In case you haven't noticed, I'm using Figma to design the interface this project. If you haven't heard of it, Figma is one of the "new school" design tools that grew out of a frustration in the early part of this decade with using Photoshop as a tool to design websites and apps.
Sketch launched in 2010 and—as I remember it—sometime around 2015 there was a Cambrian explosion in the design app ecosystem. These apps were designed for modern designers: they knew about designing responsively for different screen sizes, they made it easy to reuse components, they allowed us to create motion, easily wire together screens into basic prototypes, and had basic support for inspecting design details to cull exact font sizes and pixel dimensions. It was an exciting time.
Figma launched in September of 2016 and I couldn't have cared less. I started earlier that year as a design lead at WeWork and was using Sketch daily. Symbols? Game changer! Without Sketch symbols Andrew and I couldn't have built Plasma, WeWork's first design system.
I didn't think about Figma again until earlier this year. In January I promised to build this app out in the open and I wanted a way for anyone to be able see what I was working on and give feedback on it, without them having to download or install anything. I thought that should be as easy and real-time as a Google Doc. That's when I remembered reading a complaint (shout out to Design Twitter) about how distracting it was to have other collaborator's pointer arrows zipping around the artboards in Figma. But that was exactly what I wanted!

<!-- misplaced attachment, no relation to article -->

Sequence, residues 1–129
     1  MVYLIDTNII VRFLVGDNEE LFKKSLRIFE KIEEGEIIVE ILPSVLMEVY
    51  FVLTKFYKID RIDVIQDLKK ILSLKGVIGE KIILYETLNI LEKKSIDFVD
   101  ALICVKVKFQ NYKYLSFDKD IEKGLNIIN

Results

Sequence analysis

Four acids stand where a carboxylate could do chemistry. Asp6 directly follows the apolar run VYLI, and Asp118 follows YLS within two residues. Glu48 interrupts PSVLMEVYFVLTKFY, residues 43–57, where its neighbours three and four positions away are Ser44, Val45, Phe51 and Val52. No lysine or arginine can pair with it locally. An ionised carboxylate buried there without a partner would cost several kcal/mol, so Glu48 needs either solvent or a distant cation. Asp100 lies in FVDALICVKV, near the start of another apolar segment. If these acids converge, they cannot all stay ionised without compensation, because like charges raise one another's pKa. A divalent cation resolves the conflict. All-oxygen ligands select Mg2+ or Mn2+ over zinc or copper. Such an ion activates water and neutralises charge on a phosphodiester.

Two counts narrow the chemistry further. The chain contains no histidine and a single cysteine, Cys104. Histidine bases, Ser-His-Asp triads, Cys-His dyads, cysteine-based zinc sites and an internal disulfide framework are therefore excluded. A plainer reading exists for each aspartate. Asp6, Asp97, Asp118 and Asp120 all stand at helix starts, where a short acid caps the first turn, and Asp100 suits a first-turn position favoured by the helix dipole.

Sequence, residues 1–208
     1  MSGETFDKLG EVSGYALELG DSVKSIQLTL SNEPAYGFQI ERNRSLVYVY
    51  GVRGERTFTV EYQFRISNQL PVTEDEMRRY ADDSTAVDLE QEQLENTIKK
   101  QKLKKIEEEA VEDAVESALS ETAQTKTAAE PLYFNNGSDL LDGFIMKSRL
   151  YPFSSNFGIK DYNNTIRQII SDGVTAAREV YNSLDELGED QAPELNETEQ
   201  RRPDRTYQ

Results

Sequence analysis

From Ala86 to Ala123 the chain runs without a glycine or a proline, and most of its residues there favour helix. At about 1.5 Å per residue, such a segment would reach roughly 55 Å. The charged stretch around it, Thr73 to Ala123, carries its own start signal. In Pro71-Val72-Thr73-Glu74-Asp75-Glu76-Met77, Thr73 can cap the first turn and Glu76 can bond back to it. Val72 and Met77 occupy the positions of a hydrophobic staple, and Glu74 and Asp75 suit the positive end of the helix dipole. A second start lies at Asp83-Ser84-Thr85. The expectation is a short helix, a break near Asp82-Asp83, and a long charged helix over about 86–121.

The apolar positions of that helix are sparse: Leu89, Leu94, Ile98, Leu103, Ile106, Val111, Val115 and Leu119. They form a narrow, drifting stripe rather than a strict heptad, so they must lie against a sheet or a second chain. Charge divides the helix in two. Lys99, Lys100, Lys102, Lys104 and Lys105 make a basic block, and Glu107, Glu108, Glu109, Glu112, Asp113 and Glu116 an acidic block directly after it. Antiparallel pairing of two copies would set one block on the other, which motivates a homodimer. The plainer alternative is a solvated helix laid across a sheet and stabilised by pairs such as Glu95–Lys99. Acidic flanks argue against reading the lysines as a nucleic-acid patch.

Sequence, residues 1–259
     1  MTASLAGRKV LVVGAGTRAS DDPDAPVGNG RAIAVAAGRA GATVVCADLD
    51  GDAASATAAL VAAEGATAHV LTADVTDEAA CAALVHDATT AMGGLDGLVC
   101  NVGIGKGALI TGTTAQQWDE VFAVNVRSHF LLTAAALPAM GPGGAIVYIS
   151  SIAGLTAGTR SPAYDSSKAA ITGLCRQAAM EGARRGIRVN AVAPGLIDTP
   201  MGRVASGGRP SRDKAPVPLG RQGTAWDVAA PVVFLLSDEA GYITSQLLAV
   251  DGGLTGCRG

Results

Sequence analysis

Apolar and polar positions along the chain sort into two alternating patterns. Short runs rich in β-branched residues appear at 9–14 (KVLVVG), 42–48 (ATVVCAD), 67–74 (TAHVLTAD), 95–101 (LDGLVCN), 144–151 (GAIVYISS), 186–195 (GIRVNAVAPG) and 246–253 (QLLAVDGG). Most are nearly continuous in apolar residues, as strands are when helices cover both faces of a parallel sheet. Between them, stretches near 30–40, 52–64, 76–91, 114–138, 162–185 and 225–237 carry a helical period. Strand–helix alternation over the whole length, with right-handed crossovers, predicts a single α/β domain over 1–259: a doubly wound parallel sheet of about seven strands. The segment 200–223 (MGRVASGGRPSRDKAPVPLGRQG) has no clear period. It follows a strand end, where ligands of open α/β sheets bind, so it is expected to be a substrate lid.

My next thought was that Figma must be impossibly slow, a kids toy, running entirely in the browser. Boy was I wrong. I'm scared of the engineering team over there. What kind of dark dangerous magick are they invoking? I've been using (and building) web apps for fifteen years and I've never seen anything so well executed.
And of course Figma has all the table-stakes stuff that a modern design tool is expected to have in 2019: symbols, prototyping, inspecting.
But what Figma understood from the beginning (and everyone else is now scrambling to catch up) is that a design tool is not just for designers! Shortly after trialing Figma with this project, I gave it a try on a project with the team at Candid.
The copywriter could now just edit text right in the designs, like they were already used to in Google Docs. No more guessing about whether a block of copy was going to feel too long or too short on the page. Formal check-ins with the PM became less important, because they could pop-in to the design at any time and leave feedback right on top. And all this happening in one place—the work, and the work about the work—without the need for saving or exporting or downloading anything.
Figma's secret sauce is that there isn't a collaboration feature tacked on, it's baked in to the foundation. It erases the lines between the work and things you need to do with that work.
Check out the app I'm designing in Figma here.